Water holding capacity and swelling ratio

    Water holding capacity is an important property reflecting the protein-water interaction and can affect sensory attributes of protein products (He et al., 2014). The water holding capacity of the extruded fish feed was shown in Fig. 3. The water holding capacity of the samples ranged from 325.20% to 443.13%. At barrel temperature of 120 ° C, the sample with water holding capacity of 35% moisture content was significantly higher than with moisture content of 40% and 45%. However, there was no significant difference between samples with moisture content of 40% and 45%. At barrel temperature of 130 ° C and 140 ° C, the water holding capacity was similar between samples that have moisture content of 35% and 40%, but significant increase in water holding capacity was detected when moisture content of the sample increased from 40% to 45%. The samples with moisture content of 35% and 45%, showed significant increase in water holding capacity when barrel temperature increased from 120 ° C to 130 ° C. Moisture content had no effect on water holding capacity at 130 ° C, which was in line with the description of He et al. (2014). The highest water holding capacity was measured with the value of 426.25%, when barrel temperature was 140 ° C and moisture content was 45%.

    Swelling ratio is an important properties of fish feed. The swelling ratio of extruded fish feed ranged from 1.31 to 1.45 (Fig. 4). The swelling ratio significantly decreased with increasing moisture content. At the same moisture content, the degree of reduction of swelling ratio was shown to increase with the rise in barrel temperature from 120 ° C to 130 ° C and further increase from 130 ° C to 140 ° C promoted a significant reduction in swelling ratio (Fig. 4).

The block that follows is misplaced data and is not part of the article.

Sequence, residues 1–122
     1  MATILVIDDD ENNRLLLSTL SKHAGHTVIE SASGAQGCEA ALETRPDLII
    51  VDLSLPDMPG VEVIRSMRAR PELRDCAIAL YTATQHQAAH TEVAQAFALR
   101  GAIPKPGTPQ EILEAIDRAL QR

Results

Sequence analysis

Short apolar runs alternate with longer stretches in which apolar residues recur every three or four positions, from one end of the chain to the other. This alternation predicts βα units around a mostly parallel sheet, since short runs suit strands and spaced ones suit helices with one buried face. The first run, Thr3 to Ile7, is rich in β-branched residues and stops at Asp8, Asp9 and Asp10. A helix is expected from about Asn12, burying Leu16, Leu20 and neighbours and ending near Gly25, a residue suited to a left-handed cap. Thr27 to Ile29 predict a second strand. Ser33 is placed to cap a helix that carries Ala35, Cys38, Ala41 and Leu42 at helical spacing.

Protein digestibility

    Protein digestibility (PD) refers to the percentage of proteins that are absorbed in the digestive tract. A protein with high digestibility has better nutritional value than the one with low digestibility because it would provide more amino acids for absorption by proteolysis (Starcher, 2001). As observed in Fig. 5, it is indicated that extrusion improves protein digestibility significantly. Shivengra et al. (2007) also reported that protein digestibility value of extrudates was higher than that of one non-extruded product. However, the protein digestibility values of extruded fish feed was not as significantly different between samples with different moisture content and processing temperature (Fig. 5). Protein digestibility values varied from 82.97% to 87.21%. This might be due to the fact that the extrusion parameters not high enough to affect protein digestibility of fish feed. Sørensen et al. (2002) and Sørensen et al. (2005) also reported that the parameters of fishmealbased diet extruded with twin-screw extruder and single screw extruder at different temperatures (100 to 150 ° C) did not affect protein digestibility.